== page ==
Red Hat Bugzilla – Bug 109251
Kickstart raid5 parity not properly initialized
Last modified: 2007-04-18 12:59:11 EDT
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Description of problem:
Using a kickstart installation file, one can set up a simple raid5
across many drives, with no spares. This raid5 configuration goes
awfully fast. It turns out that the parity information isn't
initialized on the disks. When the first disk fails out, either
manually, or because of a disk error, the array is almost always
corrupt. If you recreate the array using mdadm, the very first thing
the raid does is do a parity reconstruct (or resync, if you use
--force). Fail out a job from that array, and things are good.
Version-Release number of selected component (if applicable):
Steps to Reproduce:
1. create a kickstart installation file that sets up a raid5 array
2. install system using kickstart file
3. use raidsetfaulty to fail out one disk from raid5
4. umount and fsck the raid array
Actual Results: Corruption on the filesystem, numerous warnings about
trying to access beyond the end of the raid array, etc.
Expected Results: Raid operates just fine in degraded mode,
filesystem integrity is preserved.
Created attachment 95767 [details]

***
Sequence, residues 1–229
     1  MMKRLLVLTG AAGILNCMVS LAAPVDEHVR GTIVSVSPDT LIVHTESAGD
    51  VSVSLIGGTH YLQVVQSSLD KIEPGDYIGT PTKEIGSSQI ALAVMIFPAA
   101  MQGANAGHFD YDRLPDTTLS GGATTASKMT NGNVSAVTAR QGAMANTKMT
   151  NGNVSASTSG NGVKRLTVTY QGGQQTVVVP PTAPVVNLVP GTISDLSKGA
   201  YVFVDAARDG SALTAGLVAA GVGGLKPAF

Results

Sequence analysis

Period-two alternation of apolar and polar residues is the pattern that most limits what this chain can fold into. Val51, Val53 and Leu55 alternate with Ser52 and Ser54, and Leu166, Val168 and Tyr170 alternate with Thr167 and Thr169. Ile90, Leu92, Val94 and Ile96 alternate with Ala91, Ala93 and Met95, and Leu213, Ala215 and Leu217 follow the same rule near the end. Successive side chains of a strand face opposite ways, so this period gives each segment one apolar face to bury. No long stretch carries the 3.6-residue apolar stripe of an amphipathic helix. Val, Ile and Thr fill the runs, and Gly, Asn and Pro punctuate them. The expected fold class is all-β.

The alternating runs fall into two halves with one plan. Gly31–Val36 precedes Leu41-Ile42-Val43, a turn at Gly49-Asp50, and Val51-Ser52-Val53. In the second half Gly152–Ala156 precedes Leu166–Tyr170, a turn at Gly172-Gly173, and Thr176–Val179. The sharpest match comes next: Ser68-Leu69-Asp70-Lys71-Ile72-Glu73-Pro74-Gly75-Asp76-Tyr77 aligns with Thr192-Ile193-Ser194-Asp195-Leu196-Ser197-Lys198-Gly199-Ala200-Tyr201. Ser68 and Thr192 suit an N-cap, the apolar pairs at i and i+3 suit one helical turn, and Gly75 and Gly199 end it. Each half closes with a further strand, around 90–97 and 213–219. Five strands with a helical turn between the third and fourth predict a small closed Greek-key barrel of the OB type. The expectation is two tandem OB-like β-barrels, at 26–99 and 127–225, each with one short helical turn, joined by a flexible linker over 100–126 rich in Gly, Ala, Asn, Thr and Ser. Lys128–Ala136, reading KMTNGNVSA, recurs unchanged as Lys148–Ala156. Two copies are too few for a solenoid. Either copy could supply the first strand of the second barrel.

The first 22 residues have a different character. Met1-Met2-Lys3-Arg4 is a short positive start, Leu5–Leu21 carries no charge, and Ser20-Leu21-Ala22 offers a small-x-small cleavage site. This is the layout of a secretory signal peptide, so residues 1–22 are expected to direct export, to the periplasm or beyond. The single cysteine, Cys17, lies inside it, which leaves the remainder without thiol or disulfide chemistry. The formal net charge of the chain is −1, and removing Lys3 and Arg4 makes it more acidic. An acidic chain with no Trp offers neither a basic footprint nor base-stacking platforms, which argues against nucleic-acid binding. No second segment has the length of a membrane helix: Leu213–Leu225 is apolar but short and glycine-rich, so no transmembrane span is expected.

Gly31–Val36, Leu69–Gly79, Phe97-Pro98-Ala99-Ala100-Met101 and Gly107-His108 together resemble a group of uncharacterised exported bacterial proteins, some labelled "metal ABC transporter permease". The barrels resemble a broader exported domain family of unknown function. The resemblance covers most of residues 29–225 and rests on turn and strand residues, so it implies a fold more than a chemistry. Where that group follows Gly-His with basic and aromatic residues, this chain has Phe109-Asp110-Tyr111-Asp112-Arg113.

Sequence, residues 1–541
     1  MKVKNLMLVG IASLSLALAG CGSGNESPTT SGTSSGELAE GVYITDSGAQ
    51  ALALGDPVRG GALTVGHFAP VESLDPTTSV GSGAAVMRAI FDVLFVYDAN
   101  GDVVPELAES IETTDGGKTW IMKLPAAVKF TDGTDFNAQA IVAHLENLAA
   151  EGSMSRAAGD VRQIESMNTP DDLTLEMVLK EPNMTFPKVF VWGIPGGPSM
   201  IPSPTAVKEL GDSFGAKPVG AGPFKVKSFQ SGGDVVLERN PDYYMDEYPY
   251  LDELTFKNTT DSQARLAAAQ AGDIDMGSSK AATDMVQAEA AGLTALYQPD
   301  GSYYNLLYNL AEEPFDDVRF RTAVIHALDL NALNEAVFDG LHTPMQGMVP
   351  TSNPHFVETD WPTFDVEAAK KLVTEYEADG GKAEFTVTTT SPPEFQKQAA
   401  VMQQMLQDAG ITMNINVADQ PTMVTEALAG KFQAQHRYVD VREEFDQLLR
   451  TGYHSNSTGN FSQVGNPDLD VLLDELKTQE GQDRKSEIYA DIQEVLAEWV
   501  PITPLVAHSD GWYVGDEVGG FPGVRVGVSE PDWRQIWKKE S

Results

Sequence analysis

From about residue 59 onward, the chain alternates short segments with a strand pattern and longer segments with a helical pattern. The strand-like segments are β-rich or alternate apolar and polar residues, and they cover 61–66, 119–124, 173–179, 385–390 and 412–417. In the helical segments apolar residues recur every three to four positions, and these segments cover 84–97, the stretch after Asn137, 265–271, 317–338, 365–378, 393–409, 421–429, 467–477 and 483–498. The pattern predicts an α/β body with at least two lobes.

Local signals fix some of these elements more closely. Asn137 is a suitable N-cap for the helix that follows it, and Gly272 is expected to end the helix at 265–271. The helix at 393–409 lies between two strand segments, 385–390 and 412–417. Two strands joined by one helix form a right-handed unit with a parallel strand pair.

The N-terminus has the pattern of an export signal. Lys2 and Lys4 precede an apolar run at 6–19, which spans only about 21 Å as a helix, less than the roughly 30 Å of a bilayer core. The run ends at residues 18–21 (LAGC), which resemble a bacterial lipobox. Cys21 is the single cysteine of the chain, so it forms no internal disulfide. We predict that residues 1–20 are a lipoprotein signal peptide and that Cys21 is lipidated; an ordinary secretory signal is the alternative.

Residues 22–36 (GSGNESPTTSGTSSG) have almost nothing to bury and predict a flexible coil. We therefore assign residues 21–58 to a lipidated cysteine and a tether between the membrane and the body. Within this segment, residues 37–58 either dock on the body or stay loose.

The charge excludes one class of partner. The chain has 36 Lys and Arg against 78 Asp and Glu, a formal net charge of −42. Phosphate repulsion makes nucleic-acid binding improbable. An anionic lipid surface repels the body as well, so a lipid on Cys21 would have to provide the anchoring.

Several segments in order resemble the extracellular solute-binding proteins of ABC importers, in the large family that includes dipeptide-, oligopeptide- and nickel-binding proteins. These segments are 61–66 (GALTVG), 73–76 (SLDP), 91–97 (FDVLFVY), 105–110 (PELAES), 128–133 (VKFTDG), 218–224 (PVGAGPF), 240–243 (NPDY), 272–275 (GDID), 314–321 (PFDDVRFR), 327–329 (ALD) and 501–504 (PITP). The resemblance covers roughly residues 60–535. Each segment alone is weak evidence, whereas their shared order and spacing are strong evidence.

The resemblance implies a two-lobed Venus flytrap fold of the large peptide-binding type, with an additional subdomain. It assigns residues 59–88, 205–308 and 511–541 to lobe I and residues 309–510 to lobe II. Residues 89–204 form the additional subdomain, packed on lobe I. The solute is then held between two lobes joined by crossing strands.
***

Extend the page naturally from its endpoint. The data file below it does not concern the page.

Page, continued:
Patch to force raid5 initializations to resync
*** Bug 108613 has been marked as a duplicate of this bug. ***
Has anyone had a chance to review this? This affects all versions of
Anaconda I've used, from Redhat 9 up to Fedora Core 2 Test 1. I
supplied a patch, but this is fairly serious. Anyone who creates a
RAID5 filesystem with Anaconda has a ticking time-bomb causing
immediate data loss if they lose one drive. The patch is simple. For
RAID5 filesystems, don't enable the (aptly named)
For RAID5, unless you wipe the disks first (ie. put them into a known
state by writing all 0's or all 1's to them), you MUST do an initial
parity sync. Otherwise, you have no idea what your initial parity
state is and when the drive fails, you're essentially reconstructing
the bits from possibly/probably/almost-always unknown (ie. wrong)
parity data. In my experience, it aways leads to corruption.
We're using mdadm now which does this automatically.